Lone Wolves – Finding the Red Flags | Domestic Preparedness Photo: ©iStock.com/Michal Oska

Lone Wolves – Finding the Red Flags

by Richard Schoeberl & Daniel Scherr -

The Department of Homeland Security has acknowledged that the threat of “lone wolf” attacks continues to represent the greatest threat to national security. This acknowledgement is supported by the fact that the United States is experiencing an unprecedented number of active shooter events – whether ideologically or non-ideologically inspired. Two weeks following the worst mass shooting in U.S. history, details are no closer to being solidified and law enforcement continues to search for a motive.


Hurricane Harvey & What It Means for Future Disasters

by Dawn Thomas -

As initial search and rescue operations in Houston, Texas, following Hurricane Harvey shifted to recovery efforts, three CNA experts discussed the various challenges metropolitan areas face during, immediately after, and throughout the long-term recovery from a large-scale disaster. Drawing on their 40 years of collective experience, panel moderator Monica Giovachino, Jason McNamara, and Dawn Thomas shared perspectives on a wide range of disaster response and recovery topics.


Unmanned Aerial Systems & Emergency Management

by Kay C. Goss -

Long before the invention of drones, emergency managers determined the overall scope of a crisis using information from emergency personnel on the ground, and from the chain of command created through the Incident Command System. Today, drones have many capabilities that could enhance response activities and change the way disasters are managed. Hurricane Harvey demonstrated how this technology is rapidly changing.


Three Storms Demonstrate Five Forms of Flooding

by John Englander -

Flooding results from three primary forces: rainfall, coastal storm surge, and rising sea level, made even worse with by runoff and extreme tides. Recently, hurricanes Harvey, Irma, and Maria showcased the new environmental conditions the world faces as well as the devastating damage that can occur when any combination of these flood types converges on a built community constructed without adequately addressing the increasing threats.


National Safe Schools Week: Securing Learning Environments

by Mark Williams -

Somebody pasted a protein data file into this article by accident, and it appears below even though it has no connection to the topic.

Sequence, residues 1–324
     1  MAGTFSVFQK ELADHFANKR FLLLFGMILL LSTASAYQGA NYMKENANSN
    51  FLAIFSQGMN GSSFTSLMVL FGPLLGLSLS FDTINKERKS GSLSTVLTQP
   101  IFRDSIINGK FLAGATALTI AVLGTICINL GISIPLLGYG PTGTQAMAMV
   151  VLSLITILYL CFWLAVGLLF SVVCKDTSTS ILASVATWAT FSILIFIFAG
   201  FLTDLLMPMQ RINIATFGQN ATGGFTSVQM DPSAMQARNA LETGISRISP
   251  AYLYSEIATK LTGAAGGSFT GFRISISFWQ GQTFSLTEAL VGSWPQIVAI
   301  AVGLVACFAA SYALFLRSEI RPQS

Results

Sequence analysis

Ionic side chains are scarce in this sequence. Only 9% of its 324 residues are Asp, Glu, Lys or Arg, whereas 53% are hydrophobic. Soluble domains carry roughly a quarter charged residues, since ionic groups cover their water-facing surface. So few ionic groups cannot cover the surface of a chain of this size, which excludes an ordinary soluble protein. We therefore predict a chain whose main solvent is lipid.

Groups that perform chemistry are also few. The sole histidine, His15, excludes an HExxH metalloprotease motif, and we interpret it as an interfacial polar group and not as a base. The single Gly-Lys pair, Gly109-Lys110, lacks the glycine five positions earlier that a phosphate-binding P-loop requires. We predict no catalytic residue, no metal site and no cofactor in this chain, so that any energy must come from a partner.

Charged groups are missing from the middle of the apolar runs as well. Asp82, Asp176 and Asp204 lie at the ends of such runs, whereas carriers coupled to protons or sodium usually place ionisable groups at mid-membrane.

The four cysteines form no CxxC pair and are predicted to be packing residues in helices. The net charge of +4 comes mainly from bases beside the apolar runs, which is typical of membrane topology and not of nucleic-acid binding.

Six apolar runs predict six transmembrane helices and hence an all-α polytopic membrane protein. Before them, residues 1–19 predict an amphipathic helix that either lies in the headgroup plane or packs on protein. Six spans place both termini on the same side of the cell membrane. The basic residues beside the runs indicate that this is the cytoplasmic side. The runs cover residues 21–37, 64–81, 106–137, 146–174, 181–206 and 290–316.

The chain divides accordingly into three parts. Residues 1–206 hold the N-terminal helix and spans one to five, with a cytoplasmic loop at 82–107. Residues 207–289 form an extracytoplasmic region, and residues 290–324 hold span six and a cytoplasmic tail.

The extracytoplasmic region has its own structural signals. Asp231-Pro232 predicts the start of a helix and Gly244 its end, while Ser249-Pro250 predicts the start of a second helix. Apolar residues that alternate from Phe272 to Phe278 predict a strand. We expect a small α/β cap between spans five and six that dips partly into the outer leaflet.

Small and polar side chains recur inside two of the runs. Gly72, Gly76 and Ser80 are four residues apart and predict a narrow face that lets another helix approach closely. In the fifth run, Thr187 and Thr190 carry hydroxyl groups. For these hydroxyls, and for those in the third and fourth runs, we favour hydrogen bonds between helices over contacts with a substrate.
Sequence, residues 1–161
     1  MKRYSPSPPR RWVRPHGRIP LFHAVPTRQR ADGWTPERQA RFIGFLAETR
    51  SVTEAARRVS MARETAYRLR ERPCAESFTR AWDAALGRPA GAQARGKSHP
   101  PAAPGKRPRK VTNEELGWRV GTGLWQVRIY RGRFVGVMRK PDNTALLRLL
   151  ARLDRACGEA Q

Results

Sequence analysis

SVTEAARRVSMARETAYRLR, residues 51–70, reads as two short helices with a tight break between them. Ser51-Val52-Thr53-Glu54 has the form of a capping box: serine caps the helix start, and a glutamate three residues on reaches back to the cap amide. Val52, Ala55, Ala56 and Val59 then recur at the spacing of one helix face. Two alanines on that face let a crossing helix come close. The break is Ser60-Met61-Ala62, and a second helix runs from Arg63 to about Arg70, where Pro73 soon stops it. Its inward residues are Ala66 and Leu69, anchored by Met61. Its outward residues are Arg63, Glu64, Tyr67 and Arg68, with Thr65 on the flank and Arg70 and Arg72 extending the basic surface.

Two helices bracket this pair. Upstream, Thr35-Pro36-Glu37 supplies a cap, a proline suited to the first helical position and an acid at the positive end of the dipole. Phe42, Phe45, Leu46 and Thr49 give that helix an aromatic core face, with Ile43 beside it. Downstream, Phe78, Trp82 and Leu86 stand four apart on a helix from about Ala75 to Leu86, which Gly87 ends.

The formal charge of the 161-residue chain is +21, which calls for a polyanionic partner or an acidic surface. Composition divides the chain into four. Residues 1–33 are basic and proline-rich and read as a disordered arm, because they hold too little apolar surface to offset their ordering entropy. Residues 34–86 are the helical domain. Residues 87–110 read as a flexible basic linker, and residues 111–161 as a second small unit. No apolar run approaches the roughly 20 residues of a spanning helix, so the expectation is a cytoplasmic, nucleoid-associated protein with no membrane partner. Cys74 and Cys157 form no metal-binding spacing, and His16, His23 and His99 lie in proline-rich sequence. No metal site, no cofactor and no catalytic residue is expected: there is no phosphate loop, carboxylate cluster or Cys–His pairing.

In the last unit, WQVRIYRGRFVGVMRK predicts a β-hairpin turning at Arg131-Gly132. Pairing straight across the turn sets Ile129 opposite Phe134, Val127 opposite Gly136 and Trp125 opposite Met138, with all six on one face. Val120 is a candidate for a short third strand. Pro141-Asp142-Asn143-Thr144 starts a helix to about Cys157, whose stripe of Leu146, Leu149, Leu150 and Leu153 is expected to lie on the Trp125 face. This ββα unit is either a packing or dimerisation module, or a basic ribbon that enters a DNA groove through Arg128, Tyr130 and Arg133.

Studies show that children’s learning improves when they feel both physically and emotionally safe. As “National Safe Schools Week” (16-20 October 2017) approaches, it is an appropriate time to discuss how to create these environments through safe schools programs in local communities across the United States.


Exercise Because of Want, Not Because of Need

by Nitin Natarajan -

For decades, governments have conducted emergency preparedness exercises as a method to evaluate the ability to prepare for, respond to, and recover from natural and manmade disasters. There is no doubt the tens of thousands of exercises conducted across the nation have improved the nation’s preparedness but, in order to tackle new and emerging threats, more must be done.


National Preparedness Month: A Year-Round Endeavor

by Catherine L. Feinman -

Throughout National Preparedness Month many communities’ preparedness plans have been tested. Hurricanes, earthquakes, wildfires, floods, and drought are just some of the threats faced this month. Although preparedness is highlighted during the month of September, recent events reinforce the need for preparedness to be a year-round effort – especially during months when daily operations are not being overshadowed by catastrophe, and agencies and organizations are not being tested in full public view.


S&T Helps Train Public Safety Practitioners in Flood Preparation

The third annual National Geospatial Preparedness Summit provided capacity-building training for the public safety community. The Department of Homeland Security Science and Technology (S&T) Directorate First Responders Group provided expertise to support the development of this year’s training program, sessions, workshops, and the functional preparedness exercise based on a real-world flood scenario.

Experimental Ebola Vaccines Elicit Year-Long Immune Response

Results from a large randomized, placebo-controlled clinical trial in Liberia show that two candidate Ebola vaccines pose no major safety concerns. These vaccines can elicit immune responses by one month after initial vaccination and last for at least one year. The findings are based on a study of 1,500 adults that began during the West Africa Ebola outbreak.

HHS Pursues Reusable Respirator to Better Protect Medical Providers During Pandemics

An adequate supply of respirators for first responders and healthcare professionals is critical to protecting the health of workers responding to pandemics and other public health emergencies. To meet this need, the Biomedical Advanced Research and Development Authority and Applied Research Associates Inc. will partner to advance the development of respirators that can be reused up to 100 times.

HHS Pursues Therapeutic for Radiation Injury Affecting Blood Platelets

The U.S. Department of Health and Human Services’ (HHS) Office of the Assistant Secretary for Preparedness and Response (ASPR) announced a partnership with Novartis Pharmaceuticals Corporation, to determine whether a product for treating patients suffering from thrombocytopenia could be used to better protect people in the event of a nuclear incident.

Public Health Innovation Impacts Disaster Relief Efforts

Following Hurricane Harvey, colleagues from the United States and Canada deployed to Rockport, Texas, through an unusual disaster relief organization – Field Innovation Team (FIT), a nonprofit organization that creates cutting-edge disaster solutions. They developed a Public Health Digital Brochure (telephone/Short Message Service hotline) and a donation management system that can be adapted to any community after a disaster.